In association football, goal-line technology is a technology which determines when the ball has completely crossed the goal line, assisting the referee in calling a goal or not. In the wake of controversial calls made in the Premier League, 2010 World Cup and the Euro 2012, FIFA (previously against the technology) is testing potential candidates for goal-line technology. Nine systems were initially tested, but only two remain. – Wikipedia

Here is an exclusive Q&A session on Goal-line Technology from BBC Sport

After years of debate, is goal-line technology going to be introduced at all matches?

The International Football Association Board voted unanimously in favour of introducing the technology, leaving it up to individual associations to decide whether to implement it into their respective competitions.

FIFA used to be against it, so what changed?

FIFA dropped its long-standing opposition to its introduction in 2010 following Frank Lampard’s disallowed goal against Germany at the World Cup in South Africa. His shot hit the bar and bounced down over the line, but a goal was not given by officials. FIFA president, Sepp Blatter, apologised to the English Football Association (FA) after the incident.

Speaking to BBC Sport this week, Blatter said: “That was the moment for me to say: ‘You can’t afford for something similar to happen in the next World Cup.’ We could say it is a historic day for international football.”
So once FIFA changed its stance, how did it go about finding a suitable system?

Eight systems were initially tested by an independent body. Each company had to demonstrate their technology adhered to FIFA benchmarks. These included notification of a goal being sent to the referee’s watch within one second of the ball crossing the line and strict standards on accuracy. Two companies proceeded to the second phase of testing.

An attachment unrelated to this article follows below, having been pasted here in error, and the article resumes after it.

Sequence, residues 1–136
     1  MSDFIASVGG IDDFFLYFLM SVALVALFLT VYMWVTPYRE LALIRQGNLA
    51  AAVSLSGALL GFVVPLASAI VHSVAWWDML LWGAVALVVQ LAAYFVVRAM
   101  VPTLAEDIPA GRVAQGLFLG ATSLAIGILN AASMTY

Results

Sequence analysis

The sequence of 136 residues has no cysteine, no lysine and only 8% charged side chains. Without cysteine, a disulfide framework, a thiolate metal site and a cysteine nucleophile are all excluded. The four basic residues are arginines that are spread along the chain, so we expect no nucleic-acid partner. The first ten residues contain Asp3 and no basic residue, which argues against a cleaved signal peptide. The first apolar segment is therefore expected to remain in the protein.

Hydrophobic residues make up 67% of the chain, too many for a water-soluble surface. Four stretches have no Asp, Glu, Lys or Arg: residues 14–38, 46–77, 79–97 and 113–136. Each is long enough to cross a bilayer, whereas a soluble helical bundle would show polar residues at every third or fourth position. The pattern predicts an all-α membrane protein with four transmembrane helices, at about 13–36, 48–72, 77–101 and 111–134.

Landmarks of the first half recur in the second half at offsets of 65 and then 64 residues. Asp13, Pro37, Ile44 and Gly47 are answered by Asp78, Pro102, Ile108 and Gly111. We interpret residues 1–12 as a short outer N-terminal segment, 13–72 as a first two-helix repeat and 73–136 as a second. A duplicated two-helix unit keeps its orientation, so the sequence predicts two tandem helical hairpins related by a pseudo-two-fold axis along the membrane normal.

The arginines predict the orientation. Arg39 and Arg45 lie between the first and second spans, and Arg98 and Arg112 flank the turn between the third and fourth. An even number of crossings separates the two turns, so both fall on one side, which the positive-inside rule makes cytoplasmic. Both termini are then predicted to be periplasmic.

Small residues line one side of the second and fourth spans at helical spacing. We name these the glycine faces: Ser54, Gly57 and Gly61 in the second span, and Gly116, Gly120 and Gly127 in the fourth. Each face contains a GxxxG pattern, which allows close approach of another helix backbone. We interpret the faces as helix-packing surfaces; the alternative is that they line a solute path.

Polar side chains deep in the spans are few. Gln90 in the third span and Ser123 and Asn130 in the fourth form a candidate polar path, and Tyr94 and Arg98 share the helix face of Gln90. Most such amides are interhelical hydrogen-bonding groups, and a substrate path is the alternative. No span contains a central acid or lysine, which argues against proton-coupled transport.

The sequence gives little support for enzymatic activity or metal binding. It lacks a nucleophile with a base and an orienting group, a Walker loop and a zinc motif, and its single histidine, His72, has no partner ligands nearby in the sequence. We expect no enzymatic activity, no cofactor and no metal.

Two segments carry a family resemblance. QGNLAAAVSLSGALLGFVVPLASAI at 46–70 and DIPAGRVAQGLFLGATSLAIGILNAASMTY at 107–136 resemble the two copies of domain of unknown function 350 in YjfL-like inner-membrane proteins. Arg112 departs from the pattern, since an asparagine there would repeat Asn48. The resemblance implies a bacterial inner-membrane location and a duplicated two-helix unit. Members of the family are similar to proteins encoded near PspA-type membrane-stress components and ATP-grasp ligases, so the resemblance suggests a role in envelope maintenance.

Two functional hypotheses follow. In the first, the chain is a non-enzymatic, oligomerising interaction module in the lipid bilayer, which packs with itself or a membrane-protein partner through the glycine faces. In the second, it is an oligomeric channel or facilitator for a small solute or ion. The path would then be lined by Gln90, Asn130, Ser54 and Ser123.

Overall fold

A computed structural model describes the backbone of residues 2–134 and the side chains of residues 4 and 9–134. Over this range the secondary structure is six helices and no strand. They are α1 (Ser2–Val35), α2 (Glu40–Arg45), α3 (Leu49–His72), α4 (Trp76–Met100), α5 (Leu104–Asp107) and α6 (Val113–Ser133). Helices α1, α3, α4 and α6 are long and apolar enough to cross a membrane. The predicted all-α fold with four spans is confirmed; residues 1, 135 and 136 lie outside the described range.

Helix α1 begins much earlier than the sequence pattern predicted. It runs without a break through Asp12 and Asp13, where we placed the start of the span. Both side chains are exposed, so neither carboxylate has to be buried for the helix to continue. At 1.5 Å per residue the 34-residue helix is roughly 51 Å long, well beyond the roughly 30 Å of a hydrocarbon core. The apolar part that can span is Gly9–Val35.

GoalRef and British-based Hawk-Eye were tested again to check their accuracy in “real-world” scenarios – including in poor weather conditions – while floodlights are being used and when players are moving or standing close to the goal posts. They were both successful.

Tell me more about the two systems that have been approved.

Hawk-Eye’s system uses six cameras, focusing on each goal, to track the ball on the pitch. The system’s software uses “triangulation” to pinpoint the exact location of the ball. If it crosses the goal-line, an encrypted radio signal is sent to the referee’s wristwatch to indicate a goal has been scored. The whole process takes less than a second to complete.

GoalRef uses a microchip implanted in the ball and the use of low magnetic waves around the goal. The system then detects any change in the magnetic field on or behind the goal-line to determine if a goal has been scored. The process takes less than one second, with the result electronically relayed to the referee.

So two companies have been approved – what happens now?

The technology will first be used at December’s FIFA Club World Cup and, if successful, at the 2013 Confederations Cup and 2014 World Cup.

The Premier League wants to use it “as soon as practically possible”. It will decide, through consultation with member clubs, its preferred system and then make a decision about cost and when to implement it. The Football League will also discuss the matter with its 72 clubs.